Intelligible speech is thought to be processed hierarchically in the human brain, with the primary auditory cortex reflecting acoustic differences in speech stimuli, and the temporal cortical regions anterior and posterior to the auditory cortex being sensitive to speech intelligibility and less sensitive to acoustic structure (for a review see Peelle, Johnsrude, & Davis, 2010). Recently, the hierarchical model of the processing of speech has been extended to include motor, premotor, prefrontal, and posterior inferiotemporal regions (Peelle et al., 2010). However, the strategies of the human brain to resolve semantic content of speech may differ under acoustically optimal and suboptimal conditions. Indeed, contradicting the hierarchical model of speech comprehension, activity in the primary auditory cortex has been shown to reflect speech intelligibility when speech is acoustically distorted (Wild et al., 2012b). Furthermore, speech comprehension specifically in acoustically adverse conditions has been associated with several brain areas including the left inferior frontal gyrus (Clos et al., 2014; Giraud et al., 2004; Hervais‐Adelman et al., 2012; Obleser & Kotz, 2010; Obleser, Wise, Dresner, & Scott, 2007; Shahin, Bishop, & Miller, 2009; Wild et al., 2012a), the anterior cingulate cortex (Erb, Henry, Eisner, & Obleser, 2012; Giraud et al., 2004), the anterior insula (Adank, 2012; Erb, Henry, Eisner, & Obleser, 2013; Giraud et al., 2004; Hervais‐Adelman et al., 2012; Shahin et al., 2009), the middle frontal gyrus (Giraud et al., 2004; Sohoglu et al., 2012), and the supplementary motor cortex (Adank, 2012; Erb et al., 2013; Hervais‐Adelman et al., 2012; Shahin et al., 2009). Subcortical brain structures may be involved in the adaptive plasticity that allows comprehension of even severely degraded speech (Guediche, Blumstein, Fiez, & Holt, 2014a; Guediche, Holt, Laurent, Lim, & Fiez, 2014b; Jääskeläinen et al., 2011). Together, these studies indicate that the current models of the comprehension of intact speech cannot fully describe the mechanisms of speech comprehension in acoustically suboptimal conditions.
Here, we used behavioral and fMRI experiments to study the neural mechanisms underlying the disambiguation of degraded spoken sentences in situations where the subject has previously been exposed to the intact versions of the sentences. In this experimental design, a degraded sentence is first experienced as very difficult to understand and, after a single presentation of its intact counterpart, the intelligibility of this same degraded sentence reaches near‐perfect level. This allows collecting behavioral and neural responses across varying intelligibility conditions while keeping the acoustic stimulation fixed. In contrast to previous studies that have disambiguated sentences of low initial intelligibility by pairing these with their written or acoustically intact auditory counterparts, we avoided such pairing by presenting a set of sentences three times: in the first presentation, the sentences were acoustically distorted; in the second presentation, the sentences were intact; in the final presentation, the acoustically distorted versions were presented again. In the behavioral experiment, the subject used a keyboard to type after the presentation of each sentence what he or she had heard. In the fMRI experiment, the subject indicated through a button press whether the intelligibility of the distorted sentences had increased at their second presentation. A block design was used in the fMRI experiment because of its higher detection power compared to that of event‐related designs (Liu, Frank, Wong, & Buxton, 2001; Maus, van Breukelen, Goebel, & Berger, 2012). We hypothesized that the brain activity during the first presentation of the distorted sentences (resulting in low intelligibility) is mainly restricted to auditory cortex, whereas during the second distorted presentation (resulting in high intelligibility) the high spatial resolution of fMRI reveals how the activity spreads also to the frontal and motor cortices, and to subcortical brain structures. Moreover, we expected to find intelligibility‐related modulations in brain activity between the first and second presentations of the distorted sentences in the vicinity of the auditory cortex, similarly as in E/MEG studies (Hakonen et al., 2016; Tiitinen et al., 2012).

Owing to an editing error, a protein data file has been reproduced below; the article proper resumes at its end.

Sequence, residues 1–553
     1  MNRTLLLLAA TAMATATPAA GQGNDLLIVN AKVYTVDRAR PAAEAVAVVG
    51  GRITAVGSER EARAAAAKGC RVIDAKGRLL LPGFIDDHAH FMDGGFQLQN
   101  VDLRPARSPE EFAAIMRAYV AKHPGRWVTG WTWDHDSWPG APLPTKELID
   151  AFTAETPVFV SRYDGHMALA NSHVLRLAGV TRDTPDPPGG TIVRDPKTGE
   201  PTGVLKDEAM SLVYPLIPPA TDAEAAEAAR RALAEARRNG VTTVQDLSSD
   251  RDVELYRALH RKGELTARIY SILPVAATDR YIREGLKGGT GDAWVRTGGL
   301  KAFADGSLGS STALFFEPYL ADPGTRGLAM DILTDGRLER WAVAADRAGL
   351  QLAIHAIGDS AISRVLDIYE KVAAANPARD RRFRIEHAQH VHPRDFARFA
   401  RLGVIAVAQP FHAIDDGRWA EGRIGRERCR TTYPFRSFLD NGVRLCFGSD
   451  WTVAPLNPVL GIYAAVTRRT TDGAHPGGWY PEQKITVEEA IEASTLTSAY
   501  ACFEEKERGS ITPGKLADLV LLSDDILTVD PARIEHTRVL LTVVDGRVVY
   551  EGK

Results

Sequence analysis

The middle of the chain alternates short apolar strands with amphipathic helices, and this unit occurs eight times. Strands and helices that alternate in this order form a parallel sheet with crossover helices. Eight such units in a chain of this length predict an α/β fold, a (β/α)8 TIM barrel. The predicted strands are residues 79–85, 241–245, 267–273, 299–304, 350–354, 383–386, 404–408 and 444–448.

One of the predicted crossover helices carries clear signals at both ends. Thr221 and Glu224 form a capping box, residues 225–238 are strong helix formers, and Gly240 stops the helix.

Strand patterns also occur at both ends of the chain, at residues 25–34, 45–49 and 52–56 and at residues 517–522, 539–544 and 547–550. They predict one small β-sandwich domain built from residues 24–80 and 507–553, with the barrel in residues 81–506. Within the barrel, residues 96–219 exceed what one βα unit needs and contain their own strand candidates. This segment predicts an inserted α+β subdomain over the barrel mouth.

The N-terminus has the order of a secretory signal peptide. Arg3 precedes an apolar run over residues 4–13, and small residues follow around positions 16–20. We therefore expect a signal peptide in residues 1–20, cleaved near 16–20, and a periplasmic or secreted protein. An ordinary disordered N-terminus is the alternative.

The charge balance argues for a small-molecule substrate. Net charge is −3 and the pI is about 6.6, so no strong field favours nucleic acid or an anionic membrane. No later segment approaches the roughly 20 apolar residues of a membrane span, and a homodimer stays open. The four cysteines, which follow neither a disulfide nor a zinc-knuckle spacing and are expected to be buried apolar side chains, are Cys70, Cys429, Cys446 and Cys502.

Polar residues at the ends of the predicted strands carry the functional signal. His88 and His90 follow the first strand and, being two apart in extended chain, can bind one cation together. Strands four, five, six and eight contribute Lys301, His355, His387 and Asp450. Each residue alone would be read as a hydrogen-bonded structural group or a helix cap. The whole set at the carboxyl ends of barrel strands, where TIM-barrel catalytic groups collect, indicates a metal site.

Five subjects (three females, two males, mean age 30.4 years; standard deviation 7.2 years; range 23–40 years; all right‐handed) were tested in a behavioral experiment. A separate group of 20 subjects (10 females, 10 males, mean age 23.6 years, standard deviation 3.2; range 20–32 years; two left‐handed) participated in an fMRI experiment. The subjects were department staff members and university students, and all were native Finnish speakers. None of the subjects reported having hearing impairments or a history of neurological disorders. The project was approved by the Research Ethics Committee of Aalto University, and all subjects gave their written informed consent.